Ever since smartphones have become increasingly common around us, several claims have been going around suggesting a variety of things like lemons can charge phones and that signals emitted from a phone can harm humans. Well, several of these claims have been so widely circulated through the power of internet that many people think they are true.

If you're an active WhatsApp user or scroll through social media endlessly, you must have come across posts or videos showing the perils of using smartphones or some insane phone tricks that will convince you to make it a habit.

At one point, there were reports that an iPhone can be charged inside a microwave and those who tried it can tell you how bad an idea was that. So before you start to believe everything that's out there on the internet, no matter how convincing, give it a sensible thought. No, bananas and lemons do not charge phones!

With the help of this article, we try to bust some of the popular smartphone myths that many are subconsciously following even today. You'll be surprised (or shocked) to know. Let's begin:

Closing background apps to avoid slowdowns, battery drain

This is one of the most common practices we've come across among smartphone users. Smartphone users must know that when an app isn't closed in the background, it takes less time to open. When an app is running in the background, the amount of battery it consumes is negligible, so this habit doesn't really give you those extra hours. In fact, the user experience takes a hit as apps would take slightly longer to launch when closed from the background.

App Store sale
Apple iphonePixabay

Charging phones

There are two popular myths about charging phones that seem to be believed widely (not even considering the lemon charging trick here). One is leaving your phone plugged in overnight, which many think could destroy the phone's battery. Well, it's not true.

Majority of smartphones these days come with lithium-ion batteries, which stop charging when the battery is full. This feature prevents your phone's battery from going bad. But do note that phone batteries have a life, which is identified in terms of charging cycles and they could require a replacement at some point. The best indicator is when the phone doesn't last as long as it used to, consider swapping the battery.

OnePlus 6 Dash Charge is a boon
Charging phones overnight and the reality of itIBTimes India/Sami Khan

Another popular myth concerning charging phones is that the battery must be drained to zero before recharging. This is not the ideal practice and definitely not going to give do any good to your battery. Li-on batteries are not the same as nickel-cadmium batteries for you to be practicing this. It's best to maintain your phone's battery between 40-80 percent.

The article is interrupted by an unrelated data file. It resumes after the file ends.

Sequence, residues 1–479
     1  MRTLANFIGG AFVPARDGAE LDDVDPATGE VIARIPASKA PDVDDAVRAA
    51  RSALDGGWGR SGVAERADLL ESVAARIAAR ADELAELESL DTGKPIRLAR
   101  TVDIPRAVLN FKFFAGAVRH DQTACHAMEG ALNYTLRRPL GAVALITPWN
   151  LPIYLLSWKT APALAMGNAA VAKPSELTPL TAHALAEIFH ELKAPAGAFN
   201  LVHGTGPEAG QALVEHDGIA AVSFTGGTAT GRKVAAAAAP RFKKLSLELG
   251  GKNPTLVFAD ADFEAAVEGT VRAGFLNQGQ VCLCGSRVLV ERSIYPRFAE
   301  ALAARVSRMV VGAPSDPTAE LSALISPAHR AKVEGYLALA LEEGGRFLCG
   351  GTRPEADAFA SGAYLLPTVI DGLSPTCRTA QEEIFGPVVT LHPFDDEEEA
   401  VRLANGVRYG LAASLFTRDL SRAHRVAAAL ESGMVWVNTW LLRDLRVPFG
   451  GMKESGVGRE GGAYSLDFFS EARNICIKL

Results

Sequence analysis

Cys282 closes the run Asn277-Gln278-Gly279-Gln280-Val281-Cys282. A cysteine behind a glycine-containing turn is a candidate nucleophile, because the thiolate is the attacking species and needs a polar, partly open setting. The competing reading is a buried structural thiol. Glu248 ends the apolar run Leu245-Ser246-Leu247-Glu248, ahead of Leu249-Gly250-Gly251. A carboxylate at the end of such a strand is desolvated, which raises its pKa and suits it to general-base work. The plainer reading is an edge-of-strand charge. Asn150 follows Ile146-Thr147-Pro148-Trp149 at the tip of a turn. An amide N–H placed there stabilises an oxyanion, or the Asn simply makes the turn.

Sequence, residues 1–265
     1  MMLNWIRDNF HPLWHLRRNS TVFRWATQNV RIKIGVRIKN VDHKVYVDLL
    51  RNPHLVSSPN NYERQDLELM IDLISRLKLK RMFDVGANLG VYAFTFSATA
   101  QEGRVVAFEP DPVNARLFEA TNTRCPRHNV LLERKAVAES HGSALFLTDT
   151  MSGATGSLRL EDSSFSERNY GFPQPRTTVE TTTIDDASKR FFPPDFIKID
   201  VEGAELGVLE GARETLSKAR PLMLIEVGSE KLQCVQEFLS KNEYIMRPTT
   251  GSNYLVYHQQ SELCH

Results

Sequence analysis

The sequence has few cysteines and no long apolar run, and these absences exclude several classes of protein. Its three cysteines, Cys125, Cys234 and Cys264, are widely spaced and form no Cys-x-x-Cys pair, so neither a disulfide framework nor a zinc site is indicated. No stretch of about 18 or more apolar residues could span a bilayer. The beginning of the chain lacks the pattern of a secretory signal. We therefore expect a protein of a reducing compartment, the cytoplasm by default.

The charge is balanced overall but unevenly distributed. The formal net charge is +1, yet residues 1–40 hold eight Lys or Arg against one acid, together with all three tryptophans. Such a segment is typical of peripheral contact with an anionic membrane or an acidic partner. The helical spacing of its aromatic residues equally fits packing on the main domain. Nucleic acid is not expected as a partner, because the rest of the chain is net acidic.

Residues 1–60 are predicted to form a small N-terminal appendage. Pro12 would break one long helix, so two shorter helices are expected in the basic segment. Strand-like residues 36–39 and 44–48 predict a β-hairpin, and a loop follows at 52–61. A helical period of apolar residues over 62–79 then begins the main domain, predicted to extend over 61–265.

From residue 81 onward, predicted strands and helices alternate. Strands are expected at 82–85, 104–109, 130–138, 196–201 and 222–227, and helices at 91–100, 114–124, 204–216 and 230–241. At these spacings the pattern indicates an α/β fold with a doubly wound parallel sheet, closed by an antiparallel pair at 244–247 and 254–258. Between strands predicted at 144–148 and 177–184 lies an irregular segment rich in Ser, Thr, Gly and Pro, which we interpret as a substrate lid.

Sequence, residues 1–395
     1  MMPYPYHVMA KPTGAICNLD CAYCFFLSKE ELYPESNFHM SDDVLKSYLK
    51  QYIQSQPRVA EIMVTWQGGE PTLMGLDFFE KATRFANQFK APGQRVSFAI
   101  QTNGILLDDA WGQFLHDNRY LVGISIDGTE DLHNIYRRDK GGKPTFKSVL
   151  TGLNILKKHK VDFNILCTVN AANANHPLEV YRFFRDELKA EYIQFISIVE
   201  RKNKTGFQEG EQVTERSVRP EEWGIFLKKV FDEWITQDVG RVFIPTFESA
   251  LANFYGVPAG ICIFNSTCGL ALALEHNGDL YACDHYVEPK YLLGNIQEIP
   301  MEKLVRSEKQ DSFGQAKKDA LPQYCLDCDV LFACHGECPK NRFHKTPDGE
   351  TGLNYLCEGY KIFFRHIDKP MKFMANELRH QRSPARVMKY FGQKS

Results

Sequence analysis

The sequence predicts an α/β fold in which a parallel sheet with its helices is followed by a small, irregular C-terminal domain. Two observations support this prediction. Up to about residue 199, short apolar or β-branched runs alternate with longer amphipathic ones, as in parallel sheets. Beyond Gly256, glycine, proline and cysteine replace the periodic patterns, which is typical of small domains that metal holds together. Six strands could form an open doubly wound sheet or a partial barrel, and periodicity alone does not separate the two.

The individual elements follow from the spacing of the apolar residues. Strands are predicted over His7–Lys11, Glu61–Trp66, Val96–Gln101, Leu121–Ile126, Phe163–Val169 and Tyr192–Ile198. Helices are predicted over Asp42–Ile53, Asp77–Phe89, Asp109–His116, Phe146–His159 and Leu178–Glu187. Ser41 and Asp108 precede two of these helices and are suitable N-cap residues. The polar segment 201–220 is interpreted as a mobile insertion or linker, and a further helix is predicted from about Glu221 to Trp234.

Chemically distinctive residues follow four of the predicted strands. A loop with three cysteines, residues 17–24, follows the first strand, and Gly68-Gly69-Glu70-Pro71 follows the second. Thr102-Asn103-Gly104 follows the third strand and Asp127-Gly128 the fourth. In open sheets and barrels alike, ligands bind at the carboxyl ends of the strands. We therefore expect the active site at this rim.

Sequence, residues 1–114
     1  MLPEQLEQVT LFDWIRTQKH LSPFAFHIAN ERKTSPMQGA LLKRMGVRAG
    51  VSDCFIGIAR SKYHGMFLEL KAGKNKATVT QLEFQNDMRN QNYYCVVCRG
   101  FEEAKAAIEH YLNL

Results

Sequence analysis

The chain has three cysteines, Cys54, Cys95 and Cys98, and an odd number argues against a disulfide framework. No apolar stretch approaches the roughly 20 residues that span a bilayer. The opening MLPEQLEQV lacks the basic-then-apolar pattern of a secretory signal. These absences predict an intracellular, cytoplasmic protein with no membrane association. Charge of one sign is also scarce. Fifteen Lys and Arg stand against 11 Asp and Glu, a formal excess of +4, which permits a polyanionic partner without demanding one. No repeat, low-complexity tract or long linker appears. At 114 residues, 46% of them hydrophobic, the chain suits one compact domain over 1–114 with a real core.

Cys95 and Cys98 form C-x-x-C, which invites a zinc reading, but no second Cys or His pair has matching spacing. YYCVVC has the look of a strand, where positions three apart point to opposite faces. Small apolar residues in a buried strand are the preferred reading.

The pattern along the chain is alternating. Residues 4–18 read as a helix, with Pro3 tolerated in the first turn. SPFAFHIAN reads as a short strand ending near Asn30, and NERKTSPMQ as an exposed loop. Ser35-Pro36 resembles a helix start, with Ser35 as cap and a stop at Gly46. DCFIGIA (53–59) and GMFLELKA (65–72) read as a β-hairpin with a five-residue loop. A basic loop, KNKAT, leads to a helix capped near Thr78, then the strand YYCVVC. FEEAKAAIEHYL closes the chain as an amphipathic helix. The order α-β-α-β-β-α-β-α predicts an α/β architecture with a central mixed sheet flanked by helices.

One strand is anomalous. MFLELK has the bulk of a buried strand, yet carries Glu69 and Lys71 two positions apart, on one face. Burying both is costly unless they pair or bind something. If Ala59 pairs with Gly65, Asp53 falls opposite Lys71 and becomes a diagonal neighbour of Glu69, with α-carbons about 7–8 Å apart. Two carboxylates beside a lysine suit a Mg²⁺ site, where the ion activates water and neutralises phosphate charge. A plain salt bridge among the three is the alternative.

Using cell phones at petrol pumps

Well, it's hard to argue this. There are visible warnings against using cell phones when at a petrol pump, which elevates the risk of fire and that's a deadly combination.

First of all, there is no documented incident of using a cell phone at a petrol pump causing fire or worse, an explosion. But there is physics behind the warning. The logic here is that static electricity can ignite fires, and in a petrol pump, even a single drop of fuel around the car or pump nozzle can attract fire in its direction.

Now let's include the popular petrol pump warning into this scenario. Moving around between the fuel pump, back to your car and to then to the nozzle of the fuel pump can create static electricity. So it's not the cell phone or use of it that strikes potential danger while at a petrol pump and some agencies have even said the cell phones pose little to no danger at petrol pumps.

demonetisation, petrol pumps, paying by cash, petrol, diesel, petrol pump dealers
Using cell phones at petrol pumpReuters file

But you could save time arguing with the pump executive to avoid using a cell phone and simply get on with the task at hand. Not to mention, you can actually pay attention to the accurate readings on the pump meter.

But what we know for sure is to prevent smoking at a fuel station or lighting a match.

The quest for more megapixels in cameras

 It is without a doubt that cameras in a smartphone have become extremely important and some people would decide to buy a phone based on its camera performance alone. But there's a popular myth that having more megapixels will lead to better photos.

Megapixels count in a camera, but do not solely contribute towards a better camera experience. Some 12MP cameras can be better than 40MP cameras sometimes. Higher pixels count will definitely help if you are into printing your photographs, which is to retain details in print. But if you are satisfied with the digital form, there are several other aspects in a smartphone camera such as the size of the aperture (larger the better in low-light), type of the sensor, additional features such as image stabilisation and as the ongoing trend goes, software and AI.

Huawei Mate 20 Pro
Huawei Mate 20 ProIBTimes India/Sami Khan

More bars on phone = better network

The first thing we habitually check when someone asks if there's network on the phone is how many bars can you spot on the phone. The bars simply indicate the signal strength and not the quality of the network per se.

For instance, you might have full five bars on the phone, yet experience trouble connecting a call, send a text or stream something. This is basically due to congestion in a network. You will experience this where there are a lot of people, in concert, malls, events and such.

If there are no bars on your phone, then there's no signal, which naturally means you're in a dead zone.